HONOLULU (Reuters) - A Hawaii big wave surfing competition has been called off due to unfavorable weather, as state officials warned on Tuesday that swells projected to be the biggest in a decade to hit the island of Oahu could pose risks to beachgoers.
The potentially dangerous giant waves, forecast at 40- to 50-feet, are expected to hit the island of Kauai at midnight local time on Tuesday and arrive on Oahu shores at 2 a.m. or 3 a.m. on Wednesday morning.
Organizers of a prestigious big wave surf contest that had been planned for Wednesday said they were postponing the event despite the once-in-a-decade wave heights, citing unfavorable wind conditions.
“The wave quality will be very poor because of the strong sideshore and onshore winds, which dramatically deteriorate conditions,” said Jodi Wilmott, an organizer of the event, Quiksilver in Memory of Eddie Aikau invitational.
The event requires wave heights of at least 35 feet to 40 feet, she said.
“But it must be a clean and decent ride for the surfers, and when you get these kinds of winds it’s horrible,” she said.
An intense storm in the north Pacific Ocean with a large area of strong winds has generated the large ocean swell heading for Hawaii, said Chris Jacobson, a forecaster with the National Weather Service.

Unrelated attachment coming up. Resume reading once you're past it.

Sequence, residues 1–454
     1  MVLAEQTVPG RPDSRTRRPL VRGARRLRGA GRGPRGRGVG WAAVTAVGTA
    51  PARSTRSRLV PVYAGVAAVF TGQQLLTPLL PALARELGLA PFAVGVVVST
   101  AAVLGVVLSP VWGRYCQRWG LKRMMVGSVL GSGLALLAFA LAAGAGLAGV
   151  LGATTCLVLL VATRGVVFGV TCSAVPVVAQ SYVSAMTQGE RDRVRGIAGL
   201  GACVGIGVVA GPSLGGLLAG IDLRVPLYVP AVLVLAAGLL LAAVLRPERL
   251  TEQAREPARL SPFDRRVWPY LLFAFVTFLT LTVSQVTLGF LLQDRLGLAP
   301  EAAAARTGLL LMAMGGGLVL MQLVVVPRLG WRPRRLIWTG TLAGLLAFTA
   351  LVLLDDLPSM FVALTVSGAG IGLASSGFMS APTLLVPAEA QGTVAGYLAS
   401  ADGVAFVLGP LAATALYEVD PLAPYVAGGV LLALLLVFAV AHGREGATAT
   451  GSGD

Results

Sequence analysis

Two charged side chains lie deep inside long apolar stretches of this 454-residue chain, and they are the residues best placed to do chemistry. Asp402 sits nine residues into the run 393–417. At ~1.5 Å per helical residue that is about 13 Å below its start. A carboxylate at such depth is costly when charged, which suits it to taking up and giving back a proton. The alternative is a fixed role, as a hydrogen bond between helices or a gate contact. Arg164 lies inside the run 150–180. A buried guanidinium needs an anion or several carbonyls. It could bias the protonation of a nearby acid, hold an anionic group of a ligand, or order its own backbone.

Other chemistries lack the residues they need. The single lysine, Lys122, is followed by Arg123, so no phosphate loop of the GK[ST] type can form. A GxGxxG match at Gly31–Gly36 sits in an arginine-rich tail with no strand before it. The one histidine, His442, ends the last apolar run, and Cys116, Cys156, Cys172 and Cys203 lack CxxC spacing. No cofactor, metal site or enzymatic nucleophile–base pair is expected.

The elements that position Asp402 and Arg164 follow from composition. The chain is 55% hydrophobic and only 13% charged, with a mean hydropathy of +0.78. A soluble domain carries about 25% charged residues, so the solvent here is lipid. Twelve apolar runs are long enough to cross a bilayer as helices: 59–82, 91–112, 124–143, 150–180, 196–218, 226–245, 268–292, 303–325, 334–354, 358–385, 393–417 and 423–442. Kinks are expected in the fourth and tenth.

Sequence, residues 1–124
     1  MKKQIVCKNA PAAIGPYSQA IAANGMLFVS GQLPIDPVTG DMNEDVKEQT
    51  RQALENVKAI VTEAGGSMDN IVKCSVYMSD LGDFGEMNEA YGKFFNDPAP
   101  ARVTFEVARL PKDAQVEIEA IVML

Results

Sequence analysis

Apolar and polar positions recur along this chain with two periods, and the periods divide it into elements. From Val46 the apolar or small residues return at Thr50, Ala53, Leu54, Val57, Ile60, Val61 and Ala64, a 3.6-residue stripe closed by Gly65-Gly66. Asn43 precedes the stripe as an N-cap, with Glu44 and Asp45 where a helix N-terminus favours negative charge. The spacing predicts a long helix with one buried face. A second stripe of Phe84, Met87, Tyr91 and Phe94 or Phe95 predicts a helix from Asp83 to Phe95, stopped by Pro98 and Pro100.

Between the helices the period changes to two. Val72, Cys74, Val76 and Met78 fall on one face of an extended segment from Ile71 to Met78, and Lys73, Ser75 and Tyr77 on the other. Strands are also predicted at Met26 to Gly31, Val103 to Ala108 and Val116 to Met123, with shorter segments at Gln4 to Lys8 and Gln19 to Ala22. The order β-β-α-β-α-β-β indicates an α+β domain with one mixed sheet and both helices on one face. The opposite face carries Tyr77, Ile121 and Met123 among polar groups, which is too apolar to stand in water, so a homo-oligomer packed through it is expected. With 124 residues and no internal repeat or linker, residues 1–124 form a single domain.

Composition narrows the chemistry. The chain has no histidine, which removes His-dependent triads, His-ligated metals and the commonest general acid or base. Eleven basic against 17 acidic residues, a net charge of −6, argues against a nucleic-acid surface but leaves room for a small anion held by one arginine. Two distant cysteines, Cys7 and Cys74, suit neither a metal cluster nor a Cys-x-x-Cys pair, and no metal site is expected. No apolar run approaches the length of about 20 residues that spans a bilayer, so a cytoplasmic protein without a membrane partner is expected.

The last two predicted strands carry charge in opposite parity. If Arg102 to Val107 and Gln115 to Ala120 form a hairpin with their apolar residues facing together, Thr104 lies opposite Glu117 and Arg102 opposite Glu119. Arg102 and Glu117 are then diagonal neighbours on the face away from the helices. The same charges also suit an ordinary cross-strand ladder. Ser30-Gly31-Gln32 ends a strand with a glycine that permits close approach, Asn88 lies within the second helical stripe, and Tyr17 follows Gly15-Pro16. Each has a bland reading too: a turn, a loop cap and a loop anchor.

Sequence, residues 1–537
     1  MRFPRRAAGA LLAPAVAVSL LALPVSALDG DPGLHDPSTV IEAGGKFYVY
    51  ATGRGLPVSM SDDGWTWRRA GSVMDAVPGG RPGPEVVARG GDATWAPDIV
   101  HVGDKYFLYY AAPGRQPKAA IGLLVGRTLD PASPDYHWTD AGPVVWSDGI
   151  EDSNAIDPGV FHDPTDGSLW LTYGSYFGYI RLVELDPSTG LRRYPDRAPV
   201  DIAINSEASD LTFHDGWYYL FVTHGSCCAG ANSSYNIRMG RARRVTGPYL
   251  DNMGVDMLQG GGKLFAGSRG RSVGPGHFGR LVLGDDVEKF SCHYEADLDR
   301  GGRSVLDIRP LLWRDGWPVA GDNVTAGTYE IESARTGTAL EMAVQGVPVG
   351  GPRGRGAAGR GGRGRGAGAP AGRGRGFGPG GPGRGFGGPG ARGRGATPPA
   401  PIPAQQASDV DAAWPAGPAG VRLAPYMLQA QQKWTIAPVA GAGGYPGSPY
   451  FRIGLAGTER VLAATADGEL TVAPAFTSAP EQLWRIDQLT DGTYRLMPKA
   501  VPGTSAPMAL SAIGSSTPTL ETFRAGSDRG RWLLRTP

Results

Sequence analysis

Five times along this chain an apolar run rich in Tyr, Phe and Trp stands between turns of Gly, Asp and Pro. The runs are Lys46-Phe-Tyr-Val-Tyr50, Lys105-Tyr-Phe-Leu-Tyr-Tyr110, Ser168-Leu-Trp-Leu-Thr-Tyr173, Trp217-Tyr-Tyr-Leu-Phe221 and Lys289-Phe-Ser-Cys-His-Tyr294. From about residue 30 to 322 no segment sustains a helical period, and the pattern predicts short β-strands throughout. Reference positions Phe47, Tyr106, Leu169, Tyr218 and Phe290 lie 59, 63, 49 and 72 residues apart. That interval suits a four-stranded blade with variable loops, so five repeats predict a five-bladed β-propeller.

Mike Cantin, the warning coordination meteorologist for the National Weather Service in Honolulu, characterized the waves as potentially life threatening.
“If this swell pans out we’re expecting one wave every 20 seconds. The last time we had these types of conditions was 2004,” Cantin said, adding that the winds would also increase risks for those on shore, by pushing water further over land.
“We’re expecting water over roads and infrastructure,” he said. “Those waves will have the potential to cause problems to homeowners. People need to stay away from these waves. They will be big enough to wash over cliffs.”
Organizers of the big wave surfing event hope to hold it before the end of the winter season, which is when the state sees its largest waves of the year.
The event is named after a Native Hawaiian big wave surfer who disappeared while at sea en route to Tahiti on a Polynesian voyaging canoe in 1978. The contest only occurs about every four years on average due to its wave size and quality requirements.
“But that’s what makes it so special when it does” take place, said Wilmott, who expects the event’s defending champion, Greg Long of California, and 11-time world surfing champion Kelly Slater from Florida to compete this year.
“We’re just over the four-year mark from the last one, and it’s been a very active winter for big waves. It looks like that pattern is going to persist for the next month and we’re really optimistic,” she said.
Editing by Alex Dobuzinskis and Ken Wills